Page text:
Taylor in favour of easing bowlers' one-day burden

Taylor has scored 328 runs, including two hundreds, at an average of 109.33 in the last four ODIs against England

Afp June 20, 2015
A file photo of New Zelaand batsman Ross Taylor. PHOTO: AFP

CHESTER-LE-STREET: Ross Taylor may be averaging more than a hundred in the ongoing one-day international series against England but the New Zealand batsman has backed plans to redress the balance in favour of bowlers -- and has a suggestion of his own as well.

The series, all square at 2-2, concludes in Durham with England and New Zealand needing to score just 324 more runs between them to become the first teams to hit the combined mark of 3,000 runs in a five-match ODI campaign.

Taylor, who has scored 328 runs, including two hundreds, at an average of 109.33, joked he wanted to enjoy his time in the middle before the International Cricket Council introduced 50-over rule changes later this year, notably increasing the number of fielders allowed outside the 30 metre circle in the last 10 overs to five.

"(I'll try to) score as many runs (as possible) until they change the rules," said Taylor.

"I don't want to put any pressure on myself, because I mightn't score any runs tomorrow (Saturday)."

However, the 31-year-old Taylor, a veteran of 163 ODIS, said things were probably as good as they had been in his career for a well-set batsman in 50-over cricket.

"If you get yourself in, it's easier to hit boundaries...I've been thinking about it a lot, and if you take calculated risks you can get to the boundary a lot easier than in the past -- from when I started," Taylor said.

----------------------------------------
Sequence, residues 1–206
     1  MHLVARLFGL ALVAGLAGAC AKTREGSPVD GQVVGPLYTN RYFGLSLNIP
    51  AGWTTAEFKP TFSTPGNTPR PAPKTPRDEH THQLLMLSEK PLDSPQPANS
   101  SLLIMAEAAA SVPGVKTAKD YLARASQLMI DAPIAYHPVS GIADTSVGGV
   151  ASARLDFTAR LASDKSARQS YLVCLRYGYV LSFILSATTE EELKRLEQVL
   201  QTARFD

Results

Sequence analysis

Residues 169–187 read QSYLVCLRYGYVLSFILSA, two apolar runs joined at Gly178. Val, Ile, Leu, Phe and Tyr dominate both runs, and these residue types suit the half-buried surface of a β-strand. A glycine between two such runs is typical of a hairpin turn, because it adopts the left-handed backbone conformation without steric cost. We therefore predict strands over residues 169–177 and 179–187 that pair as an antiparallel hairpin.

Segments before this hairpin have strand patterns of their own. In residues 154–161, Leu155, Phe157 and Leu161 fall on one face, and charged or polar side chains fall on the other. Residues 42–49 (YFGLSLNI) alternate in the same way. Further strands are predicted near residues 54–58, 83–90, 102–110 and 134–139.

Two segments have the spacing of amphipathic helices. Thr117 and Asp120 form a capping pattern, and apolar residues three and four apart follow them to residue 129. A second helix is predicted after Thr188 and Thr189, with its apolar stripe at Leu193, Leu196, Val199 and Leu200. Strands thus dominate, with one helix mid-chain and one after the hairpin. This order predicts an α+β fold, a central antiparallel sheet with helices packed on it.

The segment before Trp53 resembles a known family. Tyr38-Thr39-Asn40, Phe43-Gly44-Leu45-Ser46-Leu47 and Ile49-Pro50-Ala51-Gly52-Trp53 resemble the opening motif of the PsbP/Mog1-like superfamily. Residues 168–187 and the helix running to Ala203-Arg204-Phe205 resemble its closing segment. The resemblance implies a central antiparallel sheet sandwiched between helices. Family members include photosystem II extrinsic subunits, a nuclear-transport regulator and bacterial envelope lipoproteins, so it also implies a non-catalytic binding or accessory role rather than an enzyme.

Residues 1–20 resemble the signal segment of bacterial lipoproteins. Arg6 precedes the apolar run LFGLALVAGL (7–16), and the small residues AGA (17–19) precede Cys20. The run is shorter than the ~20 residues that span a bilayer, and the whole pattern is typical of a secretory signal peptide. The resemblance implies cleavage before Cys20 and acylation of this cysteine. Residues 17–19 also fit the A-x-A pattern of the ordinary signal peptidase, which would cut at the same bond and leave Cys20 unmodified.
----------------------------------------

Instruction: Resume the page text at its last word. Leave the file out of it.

Modern bats, which have more weight in the sweet spot and thicker edges than the blades of a generation ago, increased fielding restrictions and shorter boundaries, have all been cited as reasons for the increasing frequency of huge scores.

However, Taylor said the relatively recent introduction of a ball at each end from the start of a one-day match, rather than one per innings, had also tilted the game in favour of batsmen.

That's because a harder ball comes on to the bat quicker and leaves it faster when well-hit, while without the same rate natural change to a ball throughout an innings, bowlers find it harder to gain reverse swing.

"One thing I haven't heard a lot about is two new balls, because ... the new ball is still hard in the last 15 overs," said Taylor.

"People talk about bats being big. But the ball is quite hard and easier to hit -- reverse-swing is a lost art.

"Maybe going back to one ball could be good as well," he added.

But bowlers can still strike back as England quick Mark Wood's return of one for 49 in 10 overs proved during the hosts seven-wicket series-levelling win at Trent Bridge on Wednesday.

"My role as the attacking option is to fight fire with fire," said the 25-year-old.

"I was pleased with how it went (in Nottingham), but I think I bowled at the right times.

"I bowled when we were trying to take wickets, and the opposition weren't necessarily trying to hit it out of the park straight away."

Wood accepted, a touch ruefully that, for many spectators fun at one-day matches equated to soaring sixes rather than flying stumps.

"Is it fair?" he said."As a bowler, probably not.

"But the crowds are here for entertainment, and they want to see fours and sixes and hear the loud music," Wood added.

"It's a challenge for us as bowlers, but we have to be up for that -- and we'll be up for it tomorrow (Saturday)."


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